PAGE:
Ground support components are loaded onto the back-up using a crane, and placed onto a carriage riding on an electric transport car. The carriage is designed to hold a stack of mesh panels, ring beams, rock bolts, and lagging materials for the McNally system. The remotely operated trolley carriage transports the materials to a rack located in front of the ring beam guide rollers where they can be easily placed.
Increased Range of Motion for Drills
Instead of a combination roof and probe drill, the setup utilizes separate roof and probe drill canopies. The system allows a wider range of motion and better access from nearby work platforms.
Optional McNally Ground Support
If more difficult ground is encountered, the mesh pockets can be relatively easily converted to use a modified form of the McNally System. Crews would bolt McNally pockets inside the mesh pocket structures, allowing a space to slide short slats of steel or wood into the area where roof drills can operate.
Current Tunnel Excavation
The machines were launched in June and July 2010. As of October, the TBM were excavating at good production rates of up to 595 m/month. Ground conditions have varied, but the majority have required full ring beams every 180 to 900 mm, depending on the severity. Cover was still relatively low, approx. 250 to 300 m. Both tunnels had just commenced lining works, which consist of the installation of a waterproofing membrane to the tunnel walls, followed by a 120 m long concrete pour.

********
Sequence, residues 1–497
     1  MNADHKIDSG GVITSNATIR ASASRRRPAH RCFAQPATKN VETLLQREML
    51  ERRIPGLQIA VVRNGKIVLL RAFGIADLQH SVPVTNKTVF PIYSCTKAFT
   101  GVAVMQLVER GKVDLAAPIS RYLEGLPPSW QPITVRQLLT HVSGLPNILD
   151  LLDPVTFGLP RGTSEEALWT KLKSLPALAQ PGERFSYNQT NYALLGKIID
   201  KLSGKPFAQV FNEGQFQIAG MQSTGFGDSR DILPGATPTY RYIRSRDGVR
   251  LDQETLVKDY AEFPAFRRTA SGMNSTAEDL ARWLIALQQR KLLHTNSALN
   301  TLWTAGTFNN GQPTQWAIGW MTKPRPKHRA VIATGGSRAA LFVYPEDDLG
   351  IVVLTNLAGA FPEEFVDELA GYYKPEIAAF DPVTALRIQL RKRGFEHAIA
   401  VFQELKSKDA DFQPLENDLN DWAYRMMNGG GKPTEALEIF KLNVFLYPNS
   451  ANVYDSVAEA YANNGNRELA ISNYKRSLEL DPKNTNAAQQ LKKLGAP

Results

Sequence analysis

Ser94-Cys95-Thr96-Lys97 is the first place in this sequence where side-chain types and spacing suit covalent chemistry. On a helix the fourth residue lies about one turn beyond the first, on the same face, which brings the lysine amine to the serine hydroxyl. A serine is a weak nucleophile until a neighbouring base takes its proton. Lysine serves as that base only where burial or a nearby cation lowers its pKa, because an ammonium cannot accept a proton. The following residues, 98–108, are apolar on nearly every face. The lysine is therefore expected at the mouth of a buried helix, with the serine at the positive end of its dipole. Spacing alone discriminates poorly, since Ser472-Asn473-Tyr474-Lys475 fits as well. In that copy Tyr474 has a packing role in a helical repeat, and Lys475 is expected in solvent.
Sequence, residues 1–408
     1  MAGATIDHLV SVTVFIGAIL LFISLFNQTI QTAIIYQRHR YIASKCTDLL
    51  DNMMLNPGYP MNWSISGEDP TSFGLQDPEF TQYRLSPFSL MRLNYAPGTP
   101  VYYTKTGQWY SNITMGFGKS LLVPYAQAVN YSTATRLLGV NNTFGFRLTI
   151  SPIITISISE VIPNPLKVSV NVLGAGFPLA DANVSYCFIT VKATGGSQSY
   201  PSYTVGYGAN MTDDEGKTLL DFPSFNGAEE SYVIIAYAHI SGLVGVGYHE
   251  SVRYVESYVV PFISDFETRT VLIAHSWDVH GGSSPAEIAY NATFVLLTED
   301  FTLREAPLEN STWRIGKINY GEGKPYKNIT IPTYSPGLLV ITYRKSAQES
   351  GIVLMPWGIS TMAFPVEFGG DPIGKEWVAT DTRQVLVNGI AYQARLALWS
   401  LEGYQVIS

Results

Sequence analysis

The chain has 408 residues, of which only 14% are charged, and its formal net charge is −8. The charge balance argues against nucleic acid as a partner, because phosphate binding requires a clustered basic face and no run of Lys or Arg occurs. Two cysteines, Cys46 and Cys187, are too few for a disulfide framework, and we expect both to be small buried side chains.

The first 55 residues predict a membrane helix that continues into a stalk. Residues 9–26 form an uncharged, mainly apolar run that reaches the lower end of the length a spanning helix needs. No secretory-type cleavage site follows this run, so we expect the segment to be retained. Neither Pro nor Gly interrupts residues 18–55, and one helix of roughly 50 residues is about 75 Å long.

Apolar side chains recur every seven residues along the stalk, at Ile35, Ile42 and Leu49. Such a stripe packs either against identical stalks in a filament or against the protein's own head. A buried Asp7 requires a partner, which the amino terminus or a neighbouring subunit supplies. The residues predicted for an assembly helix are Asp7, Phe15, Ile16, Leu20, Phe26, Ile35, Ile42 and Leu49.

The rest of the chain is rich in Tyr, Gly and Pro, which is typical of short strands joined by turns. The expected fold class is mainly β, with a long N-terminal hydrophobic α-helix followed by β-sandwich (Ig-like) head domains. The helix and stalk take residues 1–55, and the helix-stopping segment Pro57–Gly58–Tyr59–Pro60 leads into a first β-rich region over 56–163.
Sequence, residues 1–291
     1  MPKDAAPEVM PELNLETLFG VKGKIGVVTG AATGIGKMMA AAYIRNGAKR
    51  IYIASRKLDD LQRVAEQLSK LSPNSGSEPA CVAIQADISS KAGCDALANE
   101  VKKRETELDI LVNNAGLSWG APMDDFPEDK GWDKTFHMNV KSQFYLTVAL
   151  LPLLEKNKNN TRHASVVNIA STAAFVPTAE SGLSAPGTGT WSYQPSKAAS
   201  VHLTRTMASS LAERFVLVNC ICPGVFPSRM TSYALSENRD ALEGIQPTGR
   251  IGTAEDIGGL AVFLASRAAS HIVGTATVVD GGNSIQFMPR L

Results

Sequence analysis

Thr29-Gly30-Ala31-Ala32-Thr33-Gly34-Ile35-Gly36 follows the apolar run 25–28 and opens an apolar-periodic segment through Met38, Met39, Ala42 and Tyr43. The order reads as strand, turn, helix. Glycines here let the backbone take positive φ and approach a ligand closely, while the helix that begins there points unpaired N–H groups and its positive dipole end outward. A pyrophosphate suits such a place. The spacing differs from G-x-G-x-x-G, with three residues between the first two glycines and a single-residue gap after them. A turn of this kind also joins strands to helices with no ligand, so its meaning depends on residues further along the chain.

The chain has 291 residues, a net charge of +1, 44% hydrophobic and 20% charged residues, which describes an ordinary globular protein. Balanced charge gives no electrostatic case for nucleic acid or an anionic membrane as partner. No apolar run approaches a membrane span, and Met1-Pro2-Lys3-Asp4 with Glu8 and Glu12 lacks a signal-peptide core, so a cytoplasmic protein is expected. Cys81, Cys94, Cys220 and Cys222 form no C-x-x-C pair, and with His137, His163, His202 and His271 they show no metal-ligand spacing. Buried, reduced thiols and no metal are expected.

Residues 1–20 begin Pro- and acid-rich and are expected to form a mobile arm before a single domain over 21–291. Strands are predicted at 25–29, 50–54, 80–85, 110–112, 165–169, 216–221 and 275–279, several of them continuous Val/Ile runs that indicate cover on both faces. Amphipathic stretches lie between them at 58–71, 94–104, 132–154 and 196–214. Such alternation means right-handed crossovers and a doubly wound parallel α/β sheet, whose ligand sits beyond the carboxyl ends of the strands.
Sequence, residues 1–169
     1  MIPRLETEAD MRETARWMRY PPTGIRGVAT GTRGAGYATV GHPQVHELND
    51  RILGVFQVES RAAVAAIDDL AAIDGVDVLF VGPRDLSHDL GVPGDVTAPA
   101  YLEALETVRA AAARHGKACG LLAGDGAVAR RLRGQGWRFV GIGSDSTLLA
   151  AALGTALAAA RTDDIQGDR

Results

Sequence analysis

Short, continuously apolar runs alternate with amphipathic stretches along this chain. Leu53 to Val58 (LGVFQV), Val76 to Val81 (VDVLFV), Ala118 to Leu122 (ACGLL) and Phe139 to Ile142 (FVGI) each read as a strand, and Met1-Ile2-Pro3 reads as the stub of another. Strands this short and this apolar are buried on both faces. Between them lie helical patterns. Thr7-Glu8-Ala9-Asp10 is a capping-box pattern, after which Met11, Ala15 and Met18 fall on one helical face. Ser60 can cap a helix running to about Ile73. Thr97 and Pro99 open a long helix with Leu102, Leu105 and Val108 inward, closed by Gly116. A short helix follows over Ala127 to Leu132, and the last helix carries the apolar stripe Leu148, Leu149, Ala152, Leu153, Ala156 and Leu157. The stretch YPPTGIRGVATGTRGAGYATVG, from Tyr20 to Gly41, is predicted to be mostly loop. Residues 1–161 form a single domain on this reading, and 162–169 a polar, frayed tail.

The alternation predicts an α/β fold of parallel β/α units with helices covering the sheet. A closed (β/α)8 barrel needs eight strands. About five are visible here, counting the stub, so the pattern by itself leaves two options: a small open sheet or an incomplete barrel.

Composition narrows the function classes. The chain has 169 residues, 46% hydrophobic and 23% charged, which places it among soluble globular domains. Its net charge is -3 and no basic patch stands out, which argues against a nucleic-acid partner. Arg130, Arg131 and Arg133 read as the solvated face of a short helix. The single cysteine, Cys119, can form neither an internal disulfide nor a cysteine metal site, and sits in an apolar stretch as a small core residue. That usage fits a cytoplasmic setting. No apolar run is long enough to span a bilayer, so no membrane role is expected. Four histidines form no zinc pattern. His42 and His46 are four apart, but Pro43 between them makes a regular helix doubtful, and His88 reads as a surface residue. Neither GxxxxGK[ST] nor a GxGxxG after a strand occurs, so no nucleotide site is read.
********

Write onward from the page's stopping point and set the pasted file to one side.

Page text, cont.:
The Modified Ground Support
High cover tunnels are host to a range of problems from squeezing ground to falling rock. In cases of severely unstable ground, tunnelling is hindered by structures such as the finger shield. The structures allow the rock to fall several mm before they are stopped, creating substantial problems with bolting back the falling rock.
“I am certainly a proponent of the McNally system. The system can be easily modified to comprise different capacity support components, making it ideal for varying rock conditions. In shallow tunnels with horizontal geology, for example, the system can comprise relatively low capacity support components that are easy to install. For deep tunnels where high stress conditions exist with possible rock bursting, the system can be enhanced with high capacity, larger components that can still be practically installed with TBM excavation,” said Dean Brox, Senior Project Manager – Tunnels for consultant Hatch Mott MacDonald.
Other options include combinations of ground support. “In better ground, steel channel support installed over the tunnel roof section in conjunction with mesh and patterned rock bolts is a good option. This support design is installed immediately behind the cutterhead and within the fingershield and provides an appropriate support to stabilize the tunnel and protect workers,” said Brox.
Ideally, a long tunnel in variable ground will have some options for conversion depending on the ground conditions. The good excavation rates on China’s deep bore projects are proving the systems viable options for today’s difficult high cover tunnelling.